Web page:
He denied burning Lawrence's "footballing legs" to pay him back.

Dennis said his brother, John, had been wrong to say in evidence that he, Dennis, had told Lawrence to "f*** off" in their bedroom.

The Murder of Lawrence Haggart, 1996 - The Celtic WikiIncidents, Events and Controversies | About Celtic

The court heard that in statements to the police Dennis had said that Lawrence came into the room, switched on the light, took the cover and put off the light.

Asked why he had given the jury "this story about just seeing a hand", Dennis said: "I forgot."

Dennis denied that Lawrence had been sleeping downstairs because of a deep disagreement between them.

A fire officer told the court that two fires had been started deliberately in the room where Lawrence was found dying.

Two seats of fire were discovered. One of those was on the living room carpet and the other was on the settee. Both seats of the blaze had been started deliberately.

In court, pathologist Professor Busuttil was shown a piece of concrete slab - there had been a number lying outside the victim's house - and agreed that it could have been used by the killer.

Prof Busuttil said: "There were no defensive injuries and no evidence that he (the deceased) was involved in an altercation in which, for example, punches were exchanged. It is very likely he was taken completely unawares and that the incident was short-lived."

The court heard that Brian Beattie, 33, was involved in a homosexual encounter in a gay meeting place on the night Lawrence was murdered.

Brian Beattie, 33, was interviewed by police while Lawrence was still fighting for his life and told them he was positive he had not been near the victim's house in Larbert, Stirlingshire, that night.

The High Court in Edinburgh also heard how a detective had "stumbled across" a hammer in the kitchen of Lawrence's house four days after a specialist team had searched the house for a possible weapon but found no hammer. 

G20 protest

Detective Constable Gordon McGown told the court that on March 16, 1996, he had gone to the Evergreen Trailer Park in Denny where Brian Beattie had a caravan.

Brian Beattie agreed to go to Falkirk police station and they tried to establish his movements for the night in question.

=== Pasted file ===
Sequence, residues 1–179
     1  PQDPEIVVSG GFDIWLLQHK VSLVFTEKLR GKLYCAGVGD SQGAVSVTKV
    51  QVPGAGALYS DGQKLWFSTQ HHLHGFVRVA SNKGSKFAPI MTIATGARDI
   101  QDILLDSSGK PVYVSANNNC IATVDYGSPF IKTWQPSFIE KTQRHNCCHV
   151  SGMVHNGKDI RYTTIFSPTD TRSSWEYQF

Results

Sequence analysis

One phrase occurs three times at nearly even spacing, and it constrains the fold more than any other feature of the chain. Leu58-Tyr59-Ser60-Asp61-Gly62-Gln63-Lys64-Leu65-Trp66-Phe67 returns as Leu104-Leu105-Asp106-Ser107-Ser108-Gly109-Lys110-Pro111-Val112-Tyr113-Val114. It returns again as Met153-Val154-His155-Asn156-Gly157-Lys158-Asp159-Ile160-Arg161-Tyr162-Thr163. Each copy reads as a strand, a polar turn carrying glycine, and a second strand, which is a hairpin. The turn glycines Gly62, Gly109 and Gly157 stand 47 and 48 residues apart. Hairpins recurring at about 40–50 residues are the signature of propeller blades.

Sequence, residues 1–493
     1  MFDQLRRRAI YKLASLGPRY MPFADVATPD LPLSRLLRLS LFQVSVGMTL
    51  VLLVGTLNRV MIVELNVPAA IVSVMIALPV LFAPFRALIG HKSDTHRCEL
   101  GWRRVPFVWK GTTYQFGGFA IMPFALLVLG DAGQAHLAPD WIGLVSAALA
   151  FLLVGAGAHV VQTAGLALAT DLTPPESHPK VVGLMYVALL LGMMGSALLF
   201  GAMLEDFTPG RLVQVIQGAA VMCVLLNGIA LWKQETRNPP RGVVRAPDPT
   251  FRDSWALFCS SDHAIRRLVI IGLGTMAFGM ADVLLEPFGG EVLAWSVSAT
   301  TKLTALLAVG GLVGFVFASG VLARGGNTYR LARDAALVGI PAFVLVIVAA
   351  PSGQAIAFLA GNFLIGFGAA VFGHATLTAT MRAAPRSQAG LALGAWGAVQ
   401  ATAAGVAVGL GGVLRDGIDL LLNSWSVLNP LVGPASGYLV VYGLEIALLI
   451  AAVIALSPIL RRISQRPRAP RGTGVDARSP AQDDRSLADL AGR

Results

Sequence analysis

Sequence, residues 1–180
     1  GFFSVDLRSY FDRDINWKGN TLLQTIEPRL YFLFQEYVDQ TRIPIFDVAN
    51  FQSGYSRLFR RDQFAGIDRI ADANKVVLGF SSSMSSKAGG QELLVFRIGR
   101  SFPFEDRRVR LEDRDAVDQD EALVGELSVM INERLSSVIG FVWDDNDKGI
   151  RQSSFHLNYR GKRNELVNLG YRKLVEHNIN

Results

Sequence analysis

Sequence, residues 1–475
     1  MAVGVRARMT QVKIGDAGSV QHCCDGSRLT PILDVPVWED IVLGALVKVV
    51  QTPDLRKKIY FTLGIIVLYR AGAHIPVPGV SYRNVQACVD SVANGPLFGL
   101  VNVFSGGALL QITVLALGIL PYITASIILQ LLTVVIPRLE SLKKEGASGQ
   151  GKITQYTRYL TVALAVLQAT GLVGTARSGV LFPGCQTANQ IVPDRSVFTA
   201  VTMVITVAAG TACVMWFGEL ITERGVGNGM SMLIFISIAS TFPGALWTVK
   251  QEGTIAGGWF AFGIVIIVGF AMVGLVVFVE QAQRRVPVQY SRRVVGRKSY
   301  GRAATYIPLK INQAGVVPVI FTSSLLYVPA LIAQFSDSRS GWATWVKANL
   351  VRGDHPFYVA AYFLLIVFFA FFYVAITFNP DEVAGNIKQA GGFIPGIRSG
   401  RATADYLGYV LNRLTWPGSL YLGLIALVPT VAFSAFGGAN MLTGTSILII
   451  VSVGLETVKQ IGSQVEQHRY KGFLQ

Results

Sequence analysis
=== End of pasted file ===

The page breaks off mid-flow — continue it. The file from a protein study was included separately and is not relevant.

Beattie told them he had visited his brother in Stenhousemuir on March 15 and left about 9.30pm with the intention of going through to Edinburgh that night.

He went back to his caravan at first and checked that everything was all right then drove through to Edinburgh, parking in the Grassmarket, before walking to Royal Terrace which was a popular meeting place for people like himself.

He got there about 11pm and stayed for about an hour-and-a-half.

He met one man with whom he had oral sex and they were together for 15 minutes before they went their separate ways without exchanging names or saying where they came from.

Beattie told police he was back at his caravan by 2am.

He was asked if he had been anywhere near Lawrence Haggart's home and replied: "I'm positive I wasn't in that area last night at all."

The court heard that on March 18 a team of police search experts were called into the Haggart family home and during a three-and-a-half hour investigation found a triangular piece of concrete slab on grass outside the house.

However, scenes of crime pictures taken two days earlier showed no sign of a piece of concrete.

The Murder of Lawrence Haggart, 1996 - The Celtic WikiIncidents, Events and Controversies | About Celtic

PC Jeffrey Adams told the court that he had been part of the search team and had spent 26 minutes searching the kitchen of Lawrence's house on March 18. No hammer had been found and in his opinion they would have found a hammer had it been there.